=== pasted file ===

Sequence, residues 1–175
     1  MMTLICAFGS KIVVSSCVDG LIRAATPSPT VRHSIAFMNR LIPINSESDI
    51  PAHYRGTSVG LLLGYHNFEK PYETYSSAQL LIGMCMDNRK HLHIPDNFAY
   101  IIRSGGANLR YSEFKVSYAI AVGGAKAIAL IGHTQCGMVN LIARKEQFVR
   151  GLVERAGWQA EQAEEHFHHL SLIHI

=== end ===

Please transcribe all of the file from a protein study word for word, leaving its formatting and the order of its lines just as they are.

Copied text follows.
Sequence, residues 1–175
     1  MMTLICAFGS KIVVSSCVDG LIRAATPSPT VRHSIAFMNR LIPINSESDI
    51  PAHYRGTSVG LLLGYHNFEK PYETYSSAQL LIGMCMDNRK HLHIPDNFAY
   101  IIRSGGANLR YSEFKVSYAI AVGGAKAIAL IGHTQCGMVN LIARKEQFVR
   151  GLVERAGWQA EQAEEHFHHL SLIHI